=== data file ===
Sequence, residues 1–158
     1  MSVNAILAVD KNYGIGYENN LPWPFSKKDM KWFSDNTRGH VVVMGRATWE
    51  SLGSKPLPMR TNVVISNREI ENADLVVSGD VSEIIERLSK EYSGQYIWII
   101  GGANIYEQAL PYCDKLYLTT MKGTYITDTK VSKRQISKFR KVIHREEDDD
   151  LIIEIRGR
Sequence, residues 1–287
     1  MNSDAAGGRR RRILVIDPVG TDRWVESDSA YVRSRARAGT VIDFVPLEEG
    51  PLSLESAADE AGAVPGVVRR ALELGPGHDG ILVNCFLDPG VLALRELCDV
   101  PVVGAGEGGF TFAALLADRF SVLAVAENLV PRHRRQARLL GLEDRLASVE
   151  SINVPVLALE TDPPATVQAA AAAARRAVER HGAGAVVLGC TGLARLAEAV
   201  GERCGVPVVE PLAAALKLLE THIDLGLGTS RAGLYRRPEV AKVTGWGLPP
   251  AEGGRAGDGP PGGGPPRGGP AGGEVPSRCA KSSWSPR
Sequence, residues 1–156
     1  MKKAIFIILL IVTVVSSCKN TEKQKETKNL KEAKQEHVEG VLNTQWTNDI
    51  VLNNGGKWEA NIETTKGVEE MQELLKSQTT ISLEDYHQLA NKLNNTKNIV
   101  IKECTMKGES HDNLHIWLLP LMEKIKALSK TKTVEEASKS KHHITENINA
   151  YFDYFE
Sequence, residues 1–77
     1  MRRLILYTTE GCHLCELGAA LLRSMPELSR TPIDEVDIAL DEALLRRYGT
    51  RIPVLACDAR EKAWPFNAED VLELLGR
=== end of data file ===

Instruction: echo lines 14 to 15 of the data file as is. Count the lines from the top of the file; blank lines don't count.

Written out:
     1  MKKAIFIILL IVTVVSSCKN TEKQKETKNL KEAKQEHVEG VLNTQWTNDI
    51  VLNNGGKWEA NIETTKGVEE MQELLKSQTT ISLEDYHQLA NKLNNTKNIV